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One of the cool new tools from Adobe Labs is Pixel Bender. This free extension lets you apply any one of a series of filters that comes with the extension to your images in Photoshop CS5. But that’s not all – Adobe also provides a simple interface for Pixel Bender that lets you create your own filters. As a result a community is building around Pixel Bender with users sharing custom created filters with others. In this post I’ll show you how to get started with Pixel Bender.
You will find the Pixel Bender extension here for download: http://labs.adobe.com/downloads/pixelbenderplugin.html. Make sure to download the version that matches your operating system and your version of Photoshop CS5 (32 or 64 bit). The extension is an .mxp file and you need to install is using the Adobe Extension Manager.
You can install the extension by double clicking on the file to launch the Adobe Extension Manager. If you’re using Windows Vista or Windows 7, you should run the Adobe Extension Manager as an Administrator. So, from the Start menu, locate the Adobe Extension Manager entry, right click it and choose Run as Administrator. The reason for this is that the extension needs to be placed in a folder that you can only access if you have administrator privileges. If you launched the program manually choose File > Install Extension and locate and select the extension that you just downloaded.
Accept the license terms and the extension will be automatically installed inside the appropriate Photoshop CS5 program folder.
When you’re done, close the Extension Manager, close Photoshop and reopen it.
Pixel Bender won’t work on images larger than 4096 x 4096 so start by resizing your image if necessary. If desired, you can convert an image to a Smart Object before applying a filter.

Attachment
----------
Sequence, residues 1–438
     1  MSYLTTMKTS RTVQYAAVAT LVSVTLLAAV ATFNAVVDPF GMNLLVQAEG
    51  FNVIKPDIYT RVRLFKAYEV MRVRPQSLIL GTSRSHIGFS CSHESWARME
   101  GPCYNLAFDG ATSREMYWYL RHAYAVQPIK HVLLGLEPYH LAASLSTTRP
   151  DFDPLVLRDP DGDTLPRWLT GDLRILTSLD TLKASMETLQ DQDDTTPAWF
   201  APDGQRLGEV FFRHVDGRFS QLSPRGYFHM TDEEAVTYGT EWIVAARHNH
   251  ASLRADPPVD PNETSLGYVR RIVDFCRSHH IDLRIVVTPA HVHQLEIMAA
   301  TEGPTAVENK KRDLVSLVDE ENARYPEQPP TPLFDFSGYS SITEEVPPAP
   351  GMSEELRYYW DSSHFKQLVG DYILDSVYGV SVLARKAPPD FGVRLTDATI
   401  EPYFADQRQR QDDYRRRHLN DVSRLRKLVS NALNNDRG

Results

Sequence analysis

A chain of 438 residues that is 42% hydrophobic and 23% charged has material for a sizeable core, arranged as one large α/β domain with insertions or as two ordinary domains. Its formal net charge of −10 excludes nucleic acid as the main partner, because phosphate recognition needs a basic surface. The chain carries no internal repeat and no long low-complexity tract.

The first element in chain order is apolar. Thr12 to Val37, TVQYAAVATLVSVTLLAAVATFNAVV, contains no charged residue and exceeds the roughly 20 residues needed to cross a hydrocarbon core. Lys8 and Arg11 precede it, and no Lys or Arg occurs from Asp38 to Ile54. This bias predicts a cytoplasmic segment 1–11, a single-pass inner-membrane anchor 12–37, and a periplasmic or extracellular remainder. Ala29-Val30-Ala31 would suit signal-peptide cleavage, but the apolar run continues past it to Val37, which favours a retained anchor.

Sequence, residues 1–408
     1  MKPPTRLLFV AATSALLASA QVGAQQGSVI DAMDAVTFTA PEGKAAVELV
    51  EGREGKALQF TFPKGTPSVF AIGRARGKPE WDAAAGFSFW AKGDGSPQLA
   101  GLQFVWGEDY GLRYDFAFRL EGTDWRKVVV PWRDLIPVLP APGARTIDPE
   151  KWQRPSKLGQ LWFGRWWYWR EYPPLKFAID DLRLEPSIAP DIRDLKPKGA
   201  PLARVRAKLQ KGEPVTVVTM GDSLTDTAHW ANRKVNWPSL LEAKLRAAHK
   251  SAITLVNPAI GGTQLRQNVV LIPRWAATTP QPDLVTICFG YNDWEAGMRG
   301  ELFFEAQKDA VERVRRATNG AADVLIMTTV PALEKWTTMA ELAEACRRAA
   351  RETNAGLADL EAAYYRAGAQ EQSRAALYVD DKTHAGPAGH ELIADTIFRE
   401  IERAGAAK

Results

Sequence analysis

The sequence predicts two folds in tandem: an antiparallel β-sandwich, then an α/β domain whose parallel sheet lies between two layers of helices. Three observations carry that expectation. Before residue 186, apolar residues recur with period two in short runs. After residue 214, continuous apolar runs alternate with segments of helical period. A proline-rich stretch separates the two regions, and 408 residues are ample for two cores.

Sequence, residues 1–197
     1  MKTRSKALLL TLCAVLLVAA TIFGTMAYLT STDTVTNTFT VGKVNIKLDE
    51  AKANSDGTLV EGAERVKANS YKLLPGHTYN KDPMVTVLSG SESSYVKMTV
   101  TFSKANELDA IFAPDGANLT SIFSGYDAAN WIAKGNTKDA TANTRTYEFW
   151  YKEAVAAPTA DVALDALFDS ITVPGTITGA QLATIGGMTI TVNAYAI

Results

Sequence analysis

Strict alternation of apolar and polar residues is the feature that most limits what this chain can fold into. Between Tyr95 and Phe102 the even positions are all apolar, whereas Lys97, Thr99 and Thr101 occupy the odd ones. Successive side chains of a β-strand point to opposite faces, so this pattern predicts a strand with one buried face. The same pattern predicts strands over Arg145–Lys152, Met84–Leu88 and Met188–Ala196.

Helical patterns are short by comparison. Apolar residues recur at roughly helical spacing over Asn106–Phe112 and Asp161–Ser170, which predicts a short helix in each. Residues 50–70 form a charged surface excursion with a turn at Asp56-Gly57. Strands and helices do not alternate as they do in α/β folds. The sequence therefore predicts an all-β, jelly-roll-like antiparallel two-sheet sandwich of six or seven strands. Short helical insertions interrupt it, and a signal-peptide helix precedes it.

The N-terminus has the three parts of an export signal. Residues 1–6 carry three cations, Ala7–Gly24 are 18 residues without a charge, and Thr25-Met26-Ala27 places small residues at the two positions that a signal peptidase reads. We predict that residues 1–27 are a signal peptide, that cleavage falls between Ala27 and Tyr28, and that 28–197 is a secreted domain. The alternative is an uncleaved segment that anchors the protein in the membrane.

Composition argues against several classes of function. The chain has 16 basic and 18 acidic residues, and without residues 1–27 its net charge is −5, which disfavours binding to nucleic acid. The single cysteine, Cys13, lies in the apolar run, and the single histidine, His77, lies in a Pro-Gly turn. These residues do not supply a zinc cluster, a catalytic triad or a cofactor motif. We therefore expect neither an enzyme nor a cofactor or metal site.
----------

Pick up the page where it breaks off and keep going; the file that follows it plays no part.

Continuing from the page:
To run Pixel Bender open an image and choose Filter > Pixel Bender > Pixel Bender Gallery. You’ll see a list of filters in the dropdown list which currently displays CircleSplash. Select the OilPaint filter and then adjust its settings. Using Stylization, you can adjust the length and bend of the brush strokes – the larger values look best. Cleanliness will adjust the smoothness of the effect and typically looks good at around 7 or 8. Colorization allows you to apply more or less color to the image. BrushScale changes the size and length of the darker brush strokes – a small value gives thin long lighter brush strokes and a larger value gives shorter thick very dark brush strokes. BrushContrast will adjust the contrast of the brush strokes and is probably better left at a value approaching 1.
In short, adjust the sliders until you get a result you like. If you are unsure how a slider is affecting the image drag it all the way to the left or right to see the effect. Then adjust from there.
When you’re done, click Ok to apply the result to the image. Unlike most filters which convert images to look like an oil painting, this one does well at identifying edges in the image so the painting looks more realistic.
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